Susan Granger’s review of “The Killing of a Sacred Deer” (A24)
If you saw the dystopian thriller “The Lobster” (2015), you know that Greek writer/director Yogos Lanthimos makes ethically murky and profoundly disturbing films.
Set to Schubert’s mournful “Stabat Mater,” this ghastly tale of guilt and retribution begins with a close-up, clinical view of open-heart surgery, introducing wealthy, successful Dr. Steven Murphy (Colin Farrell).
Steven’s married to Anna (Nicole Kidman), an ophthalmologist; they have a 14 year-old daughter Kim (Raffey Cassidy) and 12 year-old son Bob (Sunny Suljic).
But the primary object of Steven’s attention is 16 year-old Martin (Barry Keoghan), the creepy son of a patient who died several years ago under his surgical care. It’s obvious that only does Martin hold Steven responsible for the loss of his father but also that the doctor feels morally accountable.
They meet in secret, sharing lunch in a café and strolling by the river. But Martin then unexpectedly shows up at the hospital, forcing Steven to furtively introduce the lad to Matthew (Bill Camp), an anesthesiologist colleague, as Kim’s school friend.
After Steven invites Martin to his suburban home for dinner, Martin politely reciprocates by trying to fix up Steven with his widowed mother (Alicia Silverstone).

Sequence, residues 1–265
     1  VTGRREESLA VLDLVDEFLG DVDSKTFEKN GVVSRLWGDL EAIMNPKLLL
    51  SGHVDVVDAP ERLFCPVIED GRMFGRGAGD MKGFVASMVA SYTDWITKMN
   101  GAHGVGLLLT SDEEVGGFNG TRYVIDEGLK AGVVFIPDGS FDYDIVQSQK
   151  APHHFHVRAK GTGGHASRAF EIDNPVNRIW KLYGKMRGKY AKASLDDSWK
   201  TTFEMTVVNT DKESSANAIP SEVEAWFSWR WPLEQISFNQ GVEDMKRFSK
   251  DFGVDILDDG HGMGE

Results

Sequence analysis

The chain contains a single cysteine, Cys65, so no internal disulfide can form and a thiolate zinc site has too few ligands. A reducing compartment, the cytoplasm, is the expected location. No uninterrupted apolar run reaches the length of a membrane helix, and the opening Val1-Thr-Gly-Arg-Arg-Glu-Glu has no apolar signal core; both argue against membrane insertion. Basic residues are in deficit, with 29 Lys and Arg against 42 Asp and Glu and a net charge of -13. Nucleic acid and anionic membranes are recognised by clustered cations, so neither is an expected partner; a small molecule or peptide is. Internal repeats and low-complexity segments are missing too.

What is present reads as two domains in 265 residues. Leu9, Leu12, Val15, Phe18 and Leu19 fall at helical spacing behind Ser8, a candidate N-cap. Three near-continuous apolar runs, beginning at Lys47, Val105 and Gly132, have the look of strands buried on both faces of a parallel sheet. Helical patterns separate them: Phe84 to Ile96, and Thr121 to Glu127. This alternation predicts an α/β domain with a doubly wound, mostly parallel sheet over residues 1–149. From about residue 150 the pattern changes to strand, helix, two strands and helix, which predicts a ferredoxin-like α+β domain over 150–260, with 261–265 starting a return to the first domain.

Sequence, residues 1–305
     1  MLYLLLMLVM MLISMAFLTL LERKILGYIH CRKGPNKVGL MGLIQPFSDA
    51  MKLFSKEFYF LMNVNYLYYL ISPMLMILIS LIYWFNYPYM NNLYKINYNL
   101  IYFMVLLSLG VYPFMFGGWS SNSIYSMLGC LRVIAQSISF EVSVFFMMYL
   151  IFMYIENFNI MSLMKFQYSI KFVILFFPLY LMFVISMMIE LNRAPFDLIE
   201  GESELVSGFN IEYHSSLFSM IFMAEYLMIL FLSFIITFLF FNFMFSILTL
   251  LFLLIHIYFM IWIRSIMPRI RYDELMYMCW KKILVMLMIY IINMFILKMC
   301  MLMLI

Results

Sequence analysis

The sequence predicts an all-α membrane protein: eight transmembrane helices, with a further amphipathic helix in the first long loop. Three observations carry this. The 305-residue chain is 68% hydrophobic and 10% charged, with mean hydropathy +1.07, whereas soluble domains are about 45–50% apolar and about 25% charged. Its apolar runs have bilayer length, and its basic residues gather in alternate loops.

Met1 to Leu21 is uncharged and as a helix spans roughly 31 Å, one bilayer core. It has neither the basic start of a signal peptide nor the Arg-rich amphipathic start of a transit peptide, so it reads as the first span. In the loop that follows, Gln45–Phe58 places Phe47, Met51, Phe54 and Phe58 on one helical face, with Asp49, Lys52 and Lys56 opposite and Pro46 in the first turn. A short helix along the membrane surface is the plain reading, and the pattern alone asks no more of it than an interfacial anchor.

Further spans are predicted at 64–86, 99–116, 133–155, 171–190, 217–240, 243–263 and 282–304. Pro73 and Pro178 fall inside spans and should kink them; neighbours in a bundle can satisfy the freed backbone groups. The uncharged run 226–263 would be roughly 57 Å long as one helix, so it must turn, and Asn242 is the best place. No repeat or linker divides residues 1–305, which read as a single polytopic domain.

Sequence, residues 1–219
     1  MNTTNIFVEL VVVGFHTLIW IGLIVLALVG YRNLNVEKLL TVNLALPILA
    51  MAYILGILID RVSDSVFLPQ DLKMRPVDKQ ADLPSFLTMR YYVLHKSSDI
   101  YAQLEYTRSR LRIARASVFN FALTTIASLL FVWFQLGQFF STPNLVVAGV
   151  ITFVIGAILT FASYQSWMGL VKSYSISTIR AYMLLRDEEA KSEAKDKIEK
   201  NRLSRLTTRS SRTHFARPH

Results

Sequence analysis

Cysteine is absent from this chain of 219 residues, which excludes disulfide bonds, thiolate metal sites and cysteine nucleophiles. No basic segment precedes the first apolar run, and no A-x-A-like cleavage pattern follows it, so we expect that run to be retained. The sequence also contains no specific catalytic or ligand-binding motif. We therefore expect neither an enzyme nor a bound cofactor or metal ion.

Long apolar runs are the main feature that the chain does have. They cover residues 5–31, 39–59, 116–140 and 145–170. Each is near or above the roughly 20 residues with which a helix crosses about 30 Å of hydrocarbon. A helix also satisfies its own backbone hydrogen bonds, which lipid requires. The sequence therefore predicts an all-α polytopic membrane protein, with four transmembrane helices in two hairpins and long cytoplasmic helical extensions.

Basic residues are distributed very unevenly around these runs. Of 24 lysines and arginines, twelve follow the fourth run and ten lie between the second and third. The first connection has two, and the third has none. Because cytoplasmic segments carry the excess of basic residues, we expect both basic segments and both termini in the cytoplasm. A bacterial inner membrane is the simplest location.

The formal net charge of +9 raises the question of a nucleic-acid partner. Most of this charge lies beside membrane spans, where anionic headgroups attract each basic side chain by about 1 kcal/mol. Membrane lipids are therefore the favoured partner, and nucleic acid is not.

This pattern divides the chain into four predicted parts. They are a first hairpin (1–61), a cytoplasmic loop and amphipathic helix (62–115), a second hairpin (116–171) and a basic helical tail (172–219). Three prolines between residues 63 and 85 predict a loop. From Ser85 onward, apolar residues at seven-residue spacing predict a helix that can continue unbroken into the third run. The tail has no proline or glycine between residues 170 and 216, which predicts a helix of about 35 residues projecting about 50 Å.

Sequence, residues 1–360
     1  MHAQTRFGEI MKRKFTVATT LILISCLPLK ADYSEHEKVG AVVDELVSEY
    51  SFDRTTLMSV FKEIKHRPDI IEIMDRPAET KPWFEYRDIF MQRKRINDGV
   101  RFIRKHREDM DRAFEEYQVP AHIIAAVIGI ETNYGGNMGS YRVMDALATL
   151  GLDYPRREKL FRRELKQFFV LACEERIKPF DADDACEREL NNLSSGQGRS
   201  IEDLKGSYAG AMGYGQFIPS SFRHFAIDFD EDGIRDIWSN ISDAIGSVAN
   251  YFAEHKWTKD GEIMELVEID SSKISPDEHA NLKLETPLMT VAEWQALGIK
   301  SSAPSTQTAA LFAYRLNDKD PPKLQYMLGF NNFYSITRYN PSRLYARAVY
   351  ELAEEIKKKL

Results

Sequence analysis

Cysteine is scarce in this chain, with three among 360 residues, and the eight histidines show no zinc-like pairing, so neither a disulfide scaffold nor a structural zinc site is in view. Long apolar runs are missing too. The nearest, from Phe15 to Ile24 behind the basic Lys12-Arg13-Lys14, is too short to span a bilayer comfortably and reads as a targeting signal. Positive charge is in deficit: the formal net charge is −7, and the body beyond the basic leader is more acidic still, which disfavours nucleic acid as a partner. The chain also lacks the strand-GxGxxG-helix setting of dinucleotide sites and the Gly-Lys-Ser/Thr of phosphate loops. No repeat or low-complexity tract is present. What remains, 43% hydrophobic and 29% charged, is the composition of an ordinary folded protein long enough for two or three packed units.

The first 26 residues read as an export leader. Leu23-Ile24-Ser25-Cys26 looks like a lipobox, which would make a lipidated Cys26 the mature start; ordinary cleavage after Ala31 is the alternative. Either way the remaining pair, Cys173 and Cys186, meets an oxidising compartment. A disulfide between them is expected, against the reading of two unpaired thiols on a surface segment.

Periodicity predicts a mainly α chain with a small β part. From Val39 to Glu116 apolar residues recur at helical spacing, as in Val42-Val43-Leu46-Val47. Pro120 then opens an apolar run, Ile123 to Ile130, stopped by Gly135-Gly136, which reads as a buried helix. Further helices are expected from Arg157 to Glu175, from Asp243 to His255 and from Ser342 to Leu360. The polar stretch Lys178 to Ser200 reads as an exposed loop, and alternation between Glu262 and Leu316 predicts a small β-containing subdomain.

Eventually, Martin informs Steven that each member of his family will soon suffer a mysterious paralysis, then death, forcing Steven into making a sinister choice, explaining: “It’s the only thing I can think of that’s close to justice.”
Working from an austere script co-written with Efthymis Filippou, Yogos Lanthimos directs his actors to deliver their dialogue in a quietly mannered, even deadpan tone, which is most disconcerting, particularly coupled with Johnnie Burn’s cacophonous sound track.
The title refers to Euripides’ “Iphigenia in Aulis,” which relates the Greek myth of young Iphigenia, who was offered as a sacrifice by her father, King Agamemnon, to placate Artemis after he accidentally killed the goddess’s sacred deer.
On the Granger Movie Gauge of 1 to 10, “The Killing of a Sacred Deer” is a strange, insidiously sadistic 6, inevitably confounding its art-house audience.